Most thought-provoking, I thought, were the implications for how we think about images. Rosser and Garnett point out that many of these miraculous images have long been overlooked because it is perceived that they are unskilfully executed and of minimal aesthetic value. But is art just about forming aesthetic judgements? Or is it about thinking through the different ways in which the visual impacts on us? Rosser and Garnett show very clearly that the latter, the dynamic relationship between an image and its viewers, is really the more compelling approach. Images which are deemed kitsch, poorly executed, or cheaply produced can exert a powerful influence on their viewers.
When I was a teenager, I spent a lot of time wondering whether a painting shut away in a cupboard for noone to see, still counted as art. The idea that art is something which enters into a relationship with its viewers is wonderful. It doesn't just validate the paintings which have long been denigrated as being of low aesthetic value. It validates the viewers. This perspective suggests that viewers themselves must be active participants in the artistic process; that their reactions make something 'art'. This is wonderfully liberating, and wonderfully egalitarian in its implications. Art is not just produced by skilled artists, but by everyone who responds to it. And this notion is taken to an extreme with the most original miraculous images, those described in Byzantium as 'acheiropoieton' - these were the images deemed not to be created by human hands, but by miraculous divine intervention - images which became 'art' as humans responded to their miracles.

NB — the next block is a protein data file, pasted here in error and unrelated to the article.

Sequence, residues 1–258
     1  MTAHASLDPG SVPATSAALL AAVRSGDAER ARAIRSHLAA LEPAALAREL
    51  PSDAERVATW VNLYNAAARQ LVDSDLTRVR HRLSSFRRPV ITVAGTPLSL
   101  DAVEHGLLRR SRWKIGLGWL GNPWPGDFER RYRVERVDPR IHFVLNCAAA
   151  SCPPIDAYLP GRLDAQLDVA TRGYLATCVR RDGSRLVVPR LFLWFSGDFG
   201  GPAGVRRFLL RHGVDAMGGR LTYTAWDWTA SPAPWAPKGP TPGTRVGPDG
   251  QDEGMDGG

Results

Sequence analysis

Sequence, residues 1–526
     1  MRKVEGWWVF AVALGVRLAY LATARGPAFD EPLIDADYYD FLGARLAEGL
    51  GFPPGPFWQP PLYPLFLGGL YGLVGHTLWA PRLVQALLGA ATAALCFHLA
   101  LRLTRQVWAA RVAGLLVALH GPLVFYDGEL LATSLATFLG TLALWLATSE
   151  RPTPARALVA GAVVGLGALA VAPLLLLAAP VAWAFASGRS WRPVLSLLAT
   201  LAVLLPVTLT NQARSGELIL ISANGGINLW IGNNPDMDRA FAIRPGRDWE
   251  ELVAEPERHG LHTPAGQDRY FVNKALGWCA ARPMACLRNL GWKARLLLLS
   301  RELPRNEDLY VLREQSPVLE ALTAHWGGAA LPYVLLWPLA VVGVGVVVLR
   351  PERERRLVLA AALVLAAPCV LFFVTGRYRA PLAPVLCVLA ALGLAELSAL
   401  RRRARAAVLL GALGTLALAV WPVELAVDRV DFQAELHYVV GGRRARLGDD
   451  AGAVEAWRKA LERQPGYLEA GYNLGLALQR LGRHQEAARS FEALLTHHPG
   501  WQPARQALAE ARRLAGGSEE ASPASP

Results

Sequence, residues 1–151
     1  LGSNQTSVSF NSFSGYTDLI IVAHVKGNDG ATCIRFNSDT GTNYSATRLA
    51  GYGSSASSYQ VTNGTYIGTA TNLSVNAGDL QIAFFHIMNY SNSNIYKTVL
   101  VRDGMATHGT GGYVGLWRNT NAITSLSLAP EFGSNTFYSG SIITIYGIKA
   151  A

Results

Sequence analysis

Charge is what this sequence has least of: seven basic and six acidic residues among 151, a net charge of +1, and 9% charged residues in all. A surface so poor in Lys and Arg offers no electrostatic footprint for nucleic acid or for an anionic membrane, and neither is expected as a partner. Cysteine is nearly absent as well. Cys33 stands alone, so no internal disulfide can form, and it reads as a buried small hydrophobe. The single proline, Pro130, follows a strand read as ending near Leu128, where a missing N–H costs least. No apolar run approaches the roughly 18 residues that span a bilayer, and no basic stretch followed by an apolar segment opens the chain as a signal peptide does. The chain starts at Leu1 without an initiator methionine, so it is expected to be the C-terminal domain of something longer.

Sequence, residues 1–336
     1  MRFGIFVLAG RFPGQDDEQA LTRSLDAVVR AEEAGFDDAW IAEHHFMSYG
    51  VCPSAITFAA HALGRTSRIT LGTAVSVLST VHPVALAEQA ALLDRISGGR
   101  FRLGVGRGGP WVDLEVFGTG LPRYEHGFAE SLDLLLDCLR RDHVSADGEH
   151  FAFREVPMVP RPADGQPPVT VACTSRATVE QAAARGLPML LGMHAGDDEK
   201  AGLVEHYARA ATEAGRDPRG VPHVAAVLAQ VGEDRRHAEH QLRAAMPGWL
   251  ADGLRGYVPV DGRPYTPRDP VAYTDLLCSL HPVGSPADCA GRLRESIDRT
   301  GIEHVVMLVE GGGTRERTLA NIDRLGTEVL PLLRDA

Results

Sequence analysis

|Andres de Islas|
Mexico act. 1750s-1775
Our Lady of Guadalupe (Juan Diego Shows the Image to Bishop Zumarraga) , credit figgeartmuseum.org, also shown in Garnett and Rosser, p. 35.